Woman Suffrage in the Constitutions.
The simplest way to amend a constitution so as to establish equal suffrage is to strike out the word "male" or "men" in the suffrage clause, leaving the meaning that all persons are eligible to vote if they possess the other qualifications. Most of the suffrage states, however, have deemed it necessary to say positively that women may vote, or that the suffrage shall not be qualified by sex.*
Different qualifications for different elections, state, local, school, etc., sometimes occur.
Ariz., Cal., Col., Ida., Kan., Mont., Nev., Ore., Utah, Wash., Wyo. Also Alaska.
1Results given in the issue of Oct. 9, 1915. (Vol. 51, No. 15.)
2In 1916, S. D., W. Va., will vote upon the extension of the franchise to women. It has already been voted upon and defeated in Ia.
Thus the Montana amendment of 1914 simply omitted the word "male" from Art. IX, sec. 2.
For the Wyo. provisions, see I, 3; VI, Suffrage 1. See, also, Ariz., VII, 2, 3; Cal., II, 1; Colo., VII, 2; Ida., VI, 2; Kan., V. 8; Mont., IX, 2, Amend. 1914; Nev., Amend. 1914; Ore., II, 2; Utah, IV, 1; Wash., VI, 1. The Col. provision allows legislature to refer the matter to a popular vote. Woman suffrage was accepted in 1893.
A gentle method of introducing woman suffrage is indicated by the Wisconisn Constitution (1848), which authorizes the legislature to extend the right of suffrage by law to "persons" not enumerated in the constitution, provided such law be approved at a general election by a majority of all the votes cast."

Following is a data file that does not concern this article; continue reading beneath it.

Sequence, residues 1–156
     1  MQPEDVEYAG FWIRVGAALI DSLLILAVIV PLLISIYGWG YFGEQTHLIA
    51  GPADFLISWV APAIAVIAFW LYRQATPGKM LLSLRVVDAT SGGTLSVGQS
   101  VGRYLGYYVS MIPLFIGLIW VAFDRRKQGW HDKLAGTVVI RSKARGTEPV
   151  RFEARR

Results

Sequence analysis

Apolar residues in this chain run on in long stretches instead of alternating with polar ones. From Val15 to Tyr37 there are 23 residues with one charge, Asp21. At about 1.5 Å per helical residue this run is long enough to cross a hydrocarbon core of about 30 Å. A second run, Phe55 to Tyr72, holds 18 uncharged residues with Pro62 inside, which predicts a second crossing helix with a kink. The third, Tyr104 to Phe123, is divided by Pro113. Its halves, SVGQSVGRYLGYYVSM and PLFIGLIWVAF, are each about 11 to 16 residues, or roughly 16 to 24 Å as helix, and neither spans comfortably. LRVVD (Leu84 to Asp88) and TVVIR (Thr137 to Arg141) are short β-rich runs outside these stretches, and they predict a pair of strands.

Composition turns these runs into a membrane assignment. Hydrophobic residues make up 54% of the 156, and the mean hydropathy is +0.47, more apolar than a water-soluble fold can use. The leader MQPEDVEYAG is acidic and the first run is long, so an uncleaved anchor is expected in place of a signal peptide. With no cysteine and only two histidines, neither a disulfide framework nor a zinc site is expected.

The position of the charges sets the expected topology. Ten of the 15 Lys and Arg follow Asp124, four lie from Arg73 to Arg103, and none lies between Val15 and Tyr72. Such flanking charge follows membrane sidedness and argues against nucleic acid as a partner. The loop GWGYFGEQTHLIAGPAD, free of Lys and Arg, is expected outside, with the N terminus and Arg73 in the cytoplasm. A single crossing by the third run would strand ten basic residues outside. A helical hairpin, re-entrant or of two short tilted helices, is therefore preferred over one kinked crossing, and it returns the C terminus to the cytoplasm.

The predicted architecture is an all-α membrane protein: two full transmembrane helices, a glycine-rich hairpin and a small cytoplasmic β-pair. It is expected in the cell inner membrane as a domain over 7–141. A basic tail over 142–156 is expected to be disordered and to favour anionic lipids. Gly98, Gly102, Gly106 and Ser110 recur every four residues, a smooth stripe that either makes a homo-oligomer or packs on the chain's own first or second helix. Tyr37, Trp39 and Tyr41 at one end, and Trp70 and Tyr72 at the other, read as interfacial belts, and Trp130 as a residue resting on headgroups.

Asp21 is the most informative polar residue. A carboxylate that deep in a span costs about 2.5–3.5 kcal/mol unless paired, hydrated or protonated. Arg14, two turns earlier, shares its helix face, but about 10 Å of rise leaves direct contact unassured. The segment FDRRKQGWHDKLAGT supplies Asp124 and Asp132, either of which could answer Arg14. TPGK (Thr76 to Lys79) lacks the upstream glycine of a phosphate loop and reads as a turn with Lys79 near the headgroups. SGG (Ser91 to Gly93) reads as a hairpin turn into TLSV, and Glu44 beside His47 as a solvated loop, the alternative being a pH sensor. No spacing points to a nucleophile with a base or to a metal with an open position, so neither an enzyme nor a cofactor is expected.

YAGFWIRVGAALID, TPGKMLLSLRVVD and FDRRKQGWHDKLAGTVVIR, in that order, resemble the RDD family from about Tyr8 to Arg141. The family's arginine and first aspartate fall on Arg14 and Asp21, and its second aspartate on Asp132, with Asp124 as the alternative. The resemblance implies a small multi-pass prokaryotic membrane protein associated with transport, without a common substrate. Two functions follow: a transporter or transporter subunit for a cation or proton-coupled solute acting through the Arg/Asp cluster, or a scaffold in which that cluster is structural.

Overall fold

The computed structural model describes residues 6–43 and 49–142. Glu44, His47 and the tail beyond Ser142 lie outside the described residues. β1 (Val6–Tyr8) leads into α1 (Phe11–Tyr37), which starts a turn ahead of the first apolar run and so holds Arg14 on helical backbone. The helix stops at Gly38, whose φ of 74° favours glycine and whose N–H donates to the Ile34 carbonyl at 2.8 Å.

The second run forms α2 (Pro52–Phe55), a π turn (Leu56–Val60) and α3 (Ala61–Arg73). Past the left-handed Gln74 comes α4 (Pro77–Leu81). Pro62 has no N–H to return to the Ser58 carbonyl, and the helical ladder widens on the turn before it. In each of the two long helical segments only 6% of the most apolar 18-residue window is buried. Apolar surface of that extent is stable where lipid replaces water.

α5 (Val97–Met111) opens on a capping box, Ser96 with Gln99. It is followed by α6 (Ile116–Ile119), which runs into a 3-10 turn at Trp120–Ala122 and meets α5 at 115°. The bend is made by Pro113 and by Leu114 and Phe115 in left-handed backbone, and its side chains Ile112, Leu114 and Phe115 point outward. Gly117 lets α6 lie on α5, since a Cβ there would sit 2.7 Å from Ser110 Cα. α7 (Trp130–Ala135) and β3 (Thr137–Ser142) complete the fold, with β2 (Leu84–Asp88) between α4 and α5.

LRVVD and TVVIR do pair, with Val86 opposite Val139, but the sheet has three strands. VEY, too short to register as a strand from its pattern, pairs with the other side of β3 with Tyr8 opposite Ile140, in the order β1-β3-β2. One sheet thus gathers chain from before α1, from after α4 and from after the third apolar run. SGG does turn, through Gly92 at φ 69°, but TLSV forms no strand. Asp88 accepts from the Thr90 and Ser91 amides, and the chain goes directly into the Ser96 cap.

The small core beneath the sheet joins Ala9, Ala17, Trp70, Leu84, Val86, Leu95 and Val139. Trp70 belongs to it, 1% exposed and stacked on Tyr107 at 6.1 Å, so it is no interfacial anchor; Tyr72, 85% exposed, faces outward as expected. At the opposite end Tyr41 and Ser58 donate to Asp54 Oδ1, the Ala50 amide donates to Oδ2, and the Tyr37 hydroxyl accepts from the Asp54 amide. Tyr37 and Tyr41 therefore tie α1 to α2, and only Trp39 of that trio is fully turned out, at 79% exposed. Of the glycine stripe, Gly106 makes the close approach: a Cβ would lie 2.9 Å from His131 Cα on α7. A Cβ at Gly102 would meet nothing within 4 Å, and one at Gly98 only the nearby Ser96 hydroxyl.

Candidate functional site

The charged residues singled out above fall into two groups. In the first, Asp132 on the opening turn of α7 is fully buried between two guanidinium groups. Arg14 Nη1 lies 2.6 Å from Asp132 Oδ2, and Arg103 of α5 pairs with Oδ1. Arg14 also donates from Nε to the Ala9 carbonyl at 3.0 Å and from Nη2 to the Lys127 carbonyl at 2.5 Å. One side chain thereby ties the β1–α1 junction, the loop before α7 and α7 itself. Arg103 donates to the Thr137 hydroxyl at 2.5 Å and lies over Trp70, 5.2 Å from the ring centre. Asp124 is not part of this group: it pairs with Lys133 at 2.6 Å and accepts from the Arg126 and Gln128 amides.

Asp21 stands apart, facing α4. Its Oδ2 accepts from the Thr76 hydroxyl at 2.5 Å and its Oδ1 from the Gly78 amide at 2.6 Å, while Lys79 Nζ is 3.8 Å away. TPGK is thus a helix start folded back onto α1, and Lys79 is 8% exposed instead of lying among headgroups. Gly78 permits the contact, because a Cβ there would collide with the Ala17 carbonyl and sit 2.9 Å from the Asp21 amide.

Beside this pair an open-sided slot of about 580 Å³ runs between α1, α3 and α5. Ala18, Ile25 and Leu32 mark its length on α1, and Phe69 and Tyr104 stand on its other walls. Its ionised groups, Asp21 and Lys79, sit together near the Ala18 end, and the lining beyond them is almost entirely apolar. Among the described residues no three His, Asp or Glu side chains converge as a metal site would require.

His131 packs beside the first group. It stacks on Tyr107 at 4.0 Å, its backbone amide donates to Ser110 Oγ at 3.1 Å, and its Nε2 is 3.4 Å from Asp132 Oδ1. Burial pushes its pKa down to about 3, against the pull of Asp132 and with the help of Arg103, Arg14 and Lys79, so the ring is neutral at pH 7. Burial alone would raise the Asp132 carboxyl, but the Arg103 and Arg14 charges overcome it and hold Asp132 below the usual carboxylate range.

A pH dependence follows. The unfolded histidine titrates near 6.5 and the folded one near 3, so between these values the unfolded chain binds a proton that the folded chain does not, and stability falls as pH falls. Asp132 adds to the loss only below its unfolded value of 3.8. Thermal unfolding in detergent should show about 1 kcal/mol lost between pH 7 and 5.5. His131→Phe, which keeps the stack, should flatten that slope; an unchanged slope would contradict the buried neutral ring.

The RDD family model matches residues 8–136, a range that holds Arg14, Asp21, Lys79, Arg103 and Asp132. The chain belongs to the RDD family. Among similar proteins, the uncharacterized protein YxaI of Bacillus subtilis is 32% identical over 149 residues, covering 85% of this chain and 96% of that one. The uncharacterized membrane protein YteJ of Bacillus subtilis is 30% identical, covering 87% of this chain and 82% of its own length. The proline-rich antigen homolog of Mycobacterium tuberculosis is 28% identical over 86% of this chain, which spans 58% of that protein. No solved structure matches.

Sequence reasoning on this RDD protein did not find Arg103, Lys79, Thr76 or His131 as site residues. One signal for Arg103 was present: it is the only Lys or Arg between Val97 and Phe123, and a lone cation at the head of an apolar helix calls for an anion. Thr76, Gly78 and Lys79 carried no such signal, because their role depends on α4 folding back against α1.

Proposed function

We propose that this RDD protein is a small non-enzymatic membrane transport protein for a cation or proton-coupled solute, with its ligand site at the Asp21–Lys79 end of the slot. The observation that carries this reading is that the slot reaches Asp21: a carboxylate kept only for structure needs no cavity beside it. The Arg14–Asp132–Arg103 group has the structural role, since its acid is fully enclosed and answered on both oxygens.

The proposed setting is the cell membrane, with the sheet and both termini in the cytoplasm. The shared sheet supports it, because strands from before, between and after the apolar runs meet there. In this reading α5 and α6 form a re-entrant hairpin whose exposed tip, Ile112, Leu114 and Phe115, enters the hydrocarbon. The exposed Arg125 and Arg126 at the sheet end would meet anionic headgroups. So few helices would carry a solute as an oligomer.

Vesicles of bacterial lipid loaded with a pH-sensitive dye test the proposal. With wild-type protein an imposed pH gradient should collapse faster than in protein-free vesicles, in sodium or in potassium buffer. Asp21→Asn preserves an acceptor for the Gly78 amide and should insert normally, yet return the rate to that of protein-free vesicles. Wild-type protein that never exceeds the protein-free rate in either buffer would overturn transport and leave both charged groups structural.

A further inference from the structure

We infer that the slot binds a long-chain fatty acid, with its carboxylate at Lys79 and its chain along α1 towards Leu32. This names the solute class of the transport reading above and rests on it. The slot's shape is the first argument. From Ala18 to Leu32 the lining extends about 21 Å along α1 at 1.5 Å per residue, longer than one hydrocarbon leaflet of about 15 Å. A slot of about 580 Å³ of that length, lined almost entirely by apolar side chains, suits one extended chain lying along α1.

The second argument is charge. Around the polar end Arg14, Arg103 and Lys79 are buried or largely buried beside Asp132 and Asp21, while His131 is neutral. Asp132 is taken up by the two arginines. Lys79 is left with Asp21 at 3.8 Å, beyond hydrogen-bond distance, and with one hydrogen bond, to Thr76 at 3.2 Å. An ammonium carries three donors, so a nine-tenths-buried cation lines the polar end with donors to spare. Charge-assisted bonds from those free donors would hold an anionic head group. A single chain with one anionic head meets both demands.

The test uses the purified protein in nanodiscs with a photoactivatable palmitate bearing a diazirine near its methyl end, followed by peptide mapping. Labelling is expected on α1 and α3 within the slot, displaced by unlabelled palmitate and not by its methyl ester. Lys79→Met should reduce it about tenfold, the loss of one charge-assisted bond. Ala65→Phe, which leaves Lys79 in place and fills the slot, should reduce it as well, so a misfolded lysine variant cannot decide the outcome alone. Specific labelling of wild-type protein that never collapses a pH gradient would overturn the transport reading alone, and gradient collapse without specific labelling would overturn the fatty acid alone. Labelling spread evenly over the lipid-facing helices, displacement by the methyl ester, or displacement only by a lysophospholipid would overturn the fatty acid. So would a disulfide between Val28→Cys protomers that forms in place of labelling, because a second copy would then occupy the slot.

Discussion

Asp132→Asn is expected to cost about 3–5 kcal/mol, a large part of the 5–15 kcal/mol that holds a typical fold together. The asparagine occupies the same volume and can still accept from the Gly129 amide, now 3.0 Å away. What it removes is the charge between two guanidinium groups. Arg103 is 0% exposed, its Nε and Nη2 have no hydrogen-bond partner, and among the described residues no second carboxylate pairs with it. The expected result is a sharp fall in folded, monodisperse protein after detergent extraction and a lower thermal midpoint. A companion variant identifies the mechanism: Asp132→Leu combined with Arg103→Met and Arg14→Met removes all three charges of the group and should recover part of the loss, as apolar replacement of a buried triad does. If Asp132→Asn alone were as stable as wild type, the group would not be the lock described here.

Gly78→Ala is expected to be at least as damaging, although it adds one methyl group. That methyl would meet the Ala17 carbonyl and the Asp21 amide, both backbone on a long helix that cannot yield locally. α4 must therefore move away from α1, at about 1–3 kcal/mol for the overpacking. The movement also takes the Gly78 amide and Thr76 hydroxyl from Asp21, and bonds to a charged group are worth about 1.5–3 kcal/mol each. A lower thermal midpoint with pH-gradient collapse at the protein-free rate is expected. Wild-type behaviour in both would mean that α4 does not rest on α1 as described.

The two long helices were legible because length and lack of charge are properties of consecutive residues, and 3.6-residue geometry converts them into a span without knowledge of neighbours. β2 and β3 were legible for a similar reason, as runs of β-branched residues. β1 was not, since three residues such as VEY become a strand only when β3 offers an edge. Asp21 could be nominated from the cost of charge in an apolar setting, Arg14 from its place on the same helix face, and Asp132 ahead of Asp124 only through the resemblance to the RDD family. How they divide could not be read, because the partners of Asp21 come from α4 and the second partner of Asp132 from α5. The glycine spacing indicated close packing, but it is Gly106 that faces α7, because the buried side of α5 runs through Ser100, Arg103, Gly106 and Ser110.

The legislature of Illinois, indeed, without any sort of constitutional authorization, has extended to women the right to vote in elections other than those for officers named in the constitution. This includes presidential electors, but not members of Congress. Likewise in Iowas the legislature has provided that women may vote at all school and municipal elections and all elections upon any proposition to vote bonds or increase taxes.9
The constitutions of eight states1o provide that women may vote at school elections, as did several of the other states now having full suffrage for women. In New Mexico this privilege is left to the vote of the individual school districts.1